Mrs Groce’s brother Danny Gayle said: “The whole community felt very much a part of what happened to her.
“People came out to pay their respects because of the struggles that she had to endure all this time.
“She takes a special place in people’s memory.”
A blue plaque was in 2012 unveiled on the wall of the house in Mostyn Gardens where she was shot and paralysed.
Lee Lawrence said at the time: “My mother was a great woman and if she can go through what happened and still be the person she was, then I have to follow her example.”
He said: “It’s beyond dispute that an innocent woman was shot by the police in her house and that event created a massive response by the community.”
The family also that day launched the Cherry Tree Trust, a charity set up in Mrs Groce’s memory to support Saturday schools for youngsters.
Lee, of Spa Close, South Norwood said: “The Brixton community has supported us and this event is our way of saying thank you.
“My mum was an amazing person – even after she was shot and confined to a wheelchair she used to cook for us all, clean the house and look after us, all on her own.
“She never blamed my brother for what happened and didn’t have anything bad to say about the police.
“She was very much a positive person who taught us well and had an amazing outlook on life.
“She was an inspirational woman who deserves to be remembered for who she was, not just for that one night.”
The family plan to unveil a memorial to Mrs Groce in April this year, the 10th anniversary of her death.
In 1987 an Old Bailey jury had acquitted inspector Douglas Lovelock – the policeman who actually fired the shot – of inflicting unlawful and malicious grievous bodily harm.
A nine-day inquest jury in July 2014, at Southwark Coroners’ Court, three years after Cherry’s death aged 63, concluded: “She was shot by police during a planned, forced entry raid at her home, and her subsequent death was contributed to by failures in the planning and implementation of the raid.”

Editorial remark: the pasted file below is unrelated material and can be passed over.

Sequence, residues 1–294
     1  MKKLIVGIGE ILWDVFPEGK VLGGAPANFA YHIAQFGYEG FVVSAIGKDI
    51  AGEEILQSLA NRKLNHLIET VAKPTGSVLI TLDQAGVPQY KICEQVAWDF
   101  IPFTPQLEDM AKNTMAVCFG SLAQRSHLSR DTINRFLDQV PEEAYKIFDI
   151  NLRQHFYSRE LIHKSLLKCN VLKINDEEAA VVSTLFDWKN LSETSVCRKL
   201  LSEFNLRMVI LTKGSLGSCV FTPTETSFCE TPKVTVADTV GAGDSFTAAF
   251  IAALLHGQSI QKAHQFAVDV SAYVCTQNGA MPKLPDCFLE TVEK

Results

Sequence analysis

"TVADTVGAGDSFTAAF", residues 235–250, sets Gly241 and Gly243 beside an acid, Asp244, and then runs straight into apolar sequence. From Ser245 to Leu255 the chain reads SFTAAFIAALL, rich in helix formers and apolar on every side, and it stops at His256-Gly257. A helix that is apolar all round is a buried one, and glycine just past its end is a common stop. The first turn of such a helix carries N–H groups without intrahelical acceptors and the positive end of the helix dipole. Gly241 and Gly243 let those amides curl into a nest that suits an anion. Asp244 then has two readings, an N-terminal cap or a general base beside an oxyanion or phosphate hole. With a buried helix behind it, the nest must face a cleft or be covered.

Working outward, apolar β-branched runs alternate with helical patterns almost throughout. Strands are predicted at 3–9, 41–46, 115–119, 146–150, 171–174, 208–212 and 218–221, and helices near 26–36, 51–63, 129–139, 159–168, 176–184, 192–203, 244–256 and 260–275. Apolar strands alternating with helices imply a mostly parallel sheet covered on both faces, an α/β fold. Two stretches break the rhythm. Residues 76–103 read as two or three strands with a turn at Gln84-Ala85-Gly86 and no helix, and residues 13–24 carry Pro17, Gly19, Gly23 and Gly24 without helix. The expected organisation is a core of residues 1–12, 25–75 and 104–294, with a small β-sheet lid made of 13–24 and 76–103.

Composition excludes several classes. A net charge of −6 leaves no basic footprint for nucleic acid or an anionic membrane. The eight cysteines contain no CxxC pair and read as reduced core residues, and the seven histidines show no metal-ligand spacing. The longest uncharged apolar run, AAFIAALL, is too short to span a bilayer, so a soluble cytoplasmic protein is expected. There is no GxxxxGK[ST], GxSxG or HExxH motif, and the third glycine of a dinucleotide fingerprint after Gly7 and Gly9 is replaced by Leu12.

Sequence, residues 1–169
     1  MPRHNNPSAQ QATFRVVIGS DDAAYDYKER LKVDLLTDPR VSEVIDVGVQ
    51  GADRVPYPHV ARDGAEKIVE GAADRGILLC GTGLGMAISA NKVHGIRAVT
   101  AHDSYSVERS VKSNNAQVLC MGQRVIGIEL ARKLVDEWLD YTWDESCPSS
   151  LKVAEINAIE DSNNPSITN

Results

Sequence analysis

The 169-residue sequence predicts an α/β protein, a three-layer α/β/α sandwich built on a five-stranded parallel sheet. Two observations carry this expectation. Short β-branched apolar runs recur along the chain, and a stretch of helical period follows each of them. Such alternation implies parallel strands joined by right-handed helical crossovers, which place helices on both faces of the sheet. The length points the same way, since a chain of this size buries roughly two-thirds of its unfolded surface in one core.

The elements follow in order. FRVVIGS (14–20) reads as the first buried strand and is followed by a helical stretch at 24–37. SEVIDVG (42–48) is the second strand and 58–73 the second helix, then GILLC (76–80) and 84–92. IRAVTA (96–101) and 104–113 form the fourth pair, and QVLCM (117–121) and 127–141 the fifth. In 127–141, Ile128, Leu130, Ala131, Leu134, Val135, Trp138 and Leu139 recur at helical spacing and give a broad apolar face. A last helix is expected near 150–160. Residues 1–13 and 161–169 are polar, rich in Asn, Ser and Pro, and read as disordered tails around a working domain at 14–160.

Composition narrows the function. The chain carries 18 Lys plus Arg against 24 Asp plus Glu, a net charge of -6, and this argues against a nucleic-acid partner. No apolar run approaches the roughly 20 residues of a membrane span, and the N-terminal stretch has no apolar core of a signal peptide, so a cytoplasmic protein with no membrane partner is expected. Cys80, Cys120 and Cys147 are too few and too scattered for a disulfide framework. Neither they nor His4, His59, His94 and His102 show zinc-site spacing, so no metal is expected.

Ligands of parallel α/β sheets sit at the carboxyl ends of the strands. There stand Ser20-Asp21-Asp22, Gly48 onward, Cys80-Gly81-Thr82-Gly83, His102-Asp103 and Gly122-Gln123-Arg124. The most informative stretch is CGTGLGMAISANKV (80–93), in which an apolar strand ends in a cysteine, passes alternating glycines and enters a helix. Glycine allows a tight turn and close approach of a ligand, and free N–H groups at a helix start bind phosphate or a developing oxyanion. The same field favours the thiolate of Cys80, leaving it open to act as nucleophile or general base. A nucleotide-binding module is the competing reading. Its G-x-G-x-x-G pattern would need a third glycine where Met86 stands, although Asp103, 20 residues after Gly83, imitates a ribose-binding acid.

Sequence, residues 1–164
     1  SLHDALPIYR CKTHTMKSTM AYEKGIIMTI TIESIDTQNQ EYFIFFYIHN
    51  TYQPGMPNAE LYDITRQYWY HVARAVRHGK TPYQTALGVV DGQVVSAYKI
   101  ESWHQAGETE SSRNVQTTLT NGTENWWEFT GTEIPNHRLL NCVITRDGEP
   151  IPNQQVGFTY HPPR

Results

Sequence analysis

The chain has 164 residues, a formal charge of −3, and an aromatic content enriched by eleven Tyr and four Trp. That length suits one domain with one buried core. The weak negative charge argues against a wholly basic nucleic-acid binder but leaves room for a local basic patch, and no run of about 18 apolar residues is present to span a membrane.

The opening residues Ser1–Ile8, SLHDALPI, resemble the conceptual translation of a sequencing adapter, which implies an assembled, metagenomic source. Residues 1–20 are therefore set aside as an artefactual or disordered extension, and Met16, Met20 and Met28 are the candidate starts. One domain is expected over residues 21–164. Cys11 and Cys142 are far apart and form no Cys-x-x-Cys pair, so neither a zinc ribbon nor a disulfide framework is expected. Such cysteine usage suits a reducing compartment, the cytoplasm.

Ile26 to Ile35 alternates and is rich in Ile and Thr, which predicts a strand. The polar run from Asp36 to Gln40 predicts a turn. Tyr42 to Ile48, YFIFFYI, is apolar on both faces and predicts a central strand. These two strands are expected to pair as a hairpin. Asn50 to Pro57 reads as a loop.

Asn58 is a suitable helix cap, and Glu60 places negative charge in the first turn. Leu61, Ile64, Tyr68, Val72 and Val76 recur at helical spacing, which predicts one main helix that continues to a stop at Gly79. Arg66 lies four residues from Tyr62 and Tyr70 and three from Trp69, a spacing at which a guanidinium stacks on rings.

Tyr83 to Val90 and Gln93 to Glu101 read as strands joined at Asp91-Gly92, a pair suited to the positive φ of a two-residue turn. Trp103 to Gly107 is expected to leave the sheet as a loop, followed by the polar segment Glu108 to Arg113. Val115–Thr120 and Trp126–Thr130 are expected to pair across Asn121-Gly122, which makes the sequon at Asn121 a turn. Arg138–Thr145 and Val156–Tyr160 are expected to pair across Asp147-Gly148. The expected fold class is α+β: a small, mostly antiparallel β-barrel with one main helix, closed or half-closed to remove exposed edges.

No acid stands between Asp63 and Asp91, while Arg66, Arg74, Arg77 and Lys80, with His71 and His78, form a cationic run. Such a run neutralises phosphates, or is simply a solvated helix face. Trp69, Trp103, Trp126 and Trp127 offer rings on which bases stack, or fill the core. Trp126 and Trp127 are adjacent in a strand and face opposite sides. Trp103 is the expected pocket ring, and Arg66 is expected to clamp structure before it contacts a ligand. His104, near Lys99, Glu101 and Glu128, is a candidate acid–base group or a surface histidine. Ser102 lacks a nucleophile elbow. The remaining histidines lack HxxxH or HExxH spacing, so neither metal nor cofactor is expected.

Speaking after the verdict, Lee added: “It is a bittersweet moment for us. We fought long and hard for this victory and had to wait so long for the truth, and sadly my mum is not here to see it or to receive an apology.
“We saw the decline of my mum’s health since the incident and a pathologist was able to show that there was a causal link between the shooting and her death.
“The healing can start now, and we want to focus on the future now that the record has been set straight.”
Metropolitan Police Commissioner Sir Bernard Hogan-Howe made a public apology, conceding that the shooting was “preventable” and that “irreparable damage” had been caused.
He said: “I apologise unreservedly for our failings. I also apologise for the inexcusable fact that it has taken until now for the Met to make this public apology.
“Sadly, this means that the person who most deserved to hear the apology is no longer here.
“However, Cherry’s children, her friends and others are here and they, too, deserve an apology. I am sorry for the years of suffering which our actions and omissions caused to your family.”
Next week – an excerpt from Lee Lawrence’s book The Louder I Will Sing; a chance to own your own copy of his book; and Lee on his journey as an author.
Main pic: Cherry Groce, 38, in St Thomas’ Hospital in 1985. PICTURES: PA